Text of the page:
An Article written by Dr. Johanna Youner about how to treat swollen feet in Botton Line Health Magazine dated April 2014.
Are your feet swollen? Your ankles puffy? When its normal…when it’s not…and what to do about it…
What Happens: Your body usually maintains a precise fluid balance. It holds on to fluids when you need them, and it excretes fluids when you have too much. Anything that disrupts this balance can cause fluids to accumulate.
The fluids usually go downhill. Fluid in the feet or lower legs has to push its way upward, against gravity. If your veins aren’t as robust as they should be or if you’re sedentary and your leg muscles aren’t flexing against the veins, the fluid tends to pool and cause swelling. This is called peripheral edema.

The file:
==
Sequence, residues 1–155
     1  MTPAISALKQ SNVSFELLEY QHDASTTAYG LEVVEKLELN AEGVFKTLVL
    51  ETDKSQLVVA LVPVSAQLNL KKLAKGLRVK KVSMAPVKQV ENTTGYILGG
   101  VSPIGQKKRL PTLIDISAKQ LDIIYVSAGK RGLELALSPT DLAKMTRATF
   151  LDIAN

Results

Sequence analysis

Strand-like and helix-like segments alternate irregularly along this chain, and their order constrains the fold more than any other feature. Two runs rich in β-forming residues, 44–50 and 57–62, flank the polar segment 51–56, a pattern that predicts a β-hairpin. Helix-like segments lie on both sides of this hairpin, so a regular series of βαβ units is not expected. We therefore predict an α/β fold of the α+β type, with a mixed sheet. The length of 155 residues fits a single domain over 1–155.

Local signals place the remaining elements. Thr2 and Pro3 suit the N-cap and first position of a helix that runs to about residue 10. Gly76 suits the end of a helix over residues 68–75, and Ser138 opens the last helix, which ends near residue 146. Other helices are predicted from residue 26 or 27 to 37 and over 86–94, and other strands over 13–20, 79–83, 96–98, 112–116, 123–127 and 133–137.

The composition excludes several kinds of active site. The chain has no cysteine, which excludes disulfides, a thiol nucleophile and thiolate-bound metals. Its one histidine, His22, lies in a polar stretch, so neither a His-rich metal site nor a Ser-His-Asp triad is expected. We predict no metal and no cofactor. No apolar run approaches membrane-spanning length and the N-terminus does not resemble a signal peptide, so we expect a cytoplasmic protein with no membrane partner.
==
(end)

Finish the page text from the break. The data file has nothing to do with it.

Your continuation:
Self Test: Press a finger on your foot/ankle. If the area stays indented for more than a few seconds, you probably have some degree of peripheral edema.
A dangerous sign: Mild swelling that comes and goes usually is harmless. But see your doctor if you have swelling much of the time, especially if you also have shortness of breath or high blood pressure. Swelling can be caused by heart of kidney damage, liver problems or damage to the veins.
RED FLAG: Painful swelling that occurs in one leg, foot, or ankle. It’s a classic sign of a blood clot. A clot that formsin one of the deep veins in the legs, a condition known as deep-vein thrombosis, is potentially deadly. Get to an emergency room immediately.